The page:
It’s hard to avoid landscape in New Zealand – practically and conceptually. One doesn’t have to move far from home before you find yourself ‘in’ it, forced to negotiate its edges and ravines, its clifftops – allow for its wild meteorological flux, accept its emptiness, respect its geological rawness, and simply get to grips with its simultaneous offerings of pleasure and risk. Then if you plan to spend any time in it, you are compelled to acknowledge something of its deeper symbolic loadings, knowing that its darkness can be significant, and invites a physical and psychological vulnerability.

These provocations are not completely peculiar to New Zealand of course. For each of the artists in this exhibition, choosing to respond to landscapes inescapable presence,

either as a painter or photographer, gives them the opportunity to confront the allure and fear, the sense of significance that the landscape generates.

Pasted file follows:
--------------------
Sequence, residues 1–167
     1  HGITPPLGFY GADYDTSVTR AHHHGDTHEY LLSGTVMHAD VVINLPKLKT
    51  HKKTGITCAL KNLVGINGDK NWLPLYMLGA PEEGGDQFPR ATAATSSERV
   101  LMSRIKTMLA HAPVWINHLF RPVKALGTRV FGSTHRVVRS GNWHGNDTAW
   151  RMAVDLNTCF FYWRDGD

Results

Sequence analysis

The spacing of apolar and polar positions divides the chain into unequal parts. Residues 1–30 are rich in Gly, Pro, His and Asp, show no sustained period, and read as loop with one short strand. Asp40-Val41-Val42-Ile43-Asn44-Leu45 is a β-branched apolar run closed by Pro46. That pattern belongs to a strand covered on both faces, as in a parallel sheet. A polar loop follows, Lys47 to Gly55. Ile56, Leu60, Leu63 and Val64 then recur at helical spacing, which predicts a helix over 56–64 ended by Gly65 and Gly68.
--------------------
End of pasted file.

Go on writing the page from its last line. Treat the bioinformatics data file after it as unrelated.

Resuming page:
I have resisted making an exhibition about landscape (painting especially) for a variety of reasons. Firstly, there are simply so many awful depictions of landscape in goopy material and dashy brushstrokes (I grew up with a few of them) that I have always sought out art that nourishes other aesthetic notions in my mind. Secondly, I have long felt that being in the landscape and all that that involves – the heat, the chill, the buffeting wind, the light – eclipses any experience one can achieve through its depiction, whatever the facility. This is fundamentally still how I feel.

There have been some fine landscape painters in New Zealand – not surprisingly, the best of them have always used the landscape as a lens through which they can examine a wider, more complex human condition, so that whilst the subject may appear to be the contours of the land, the content may be much more – how do we find a place to exist (in it).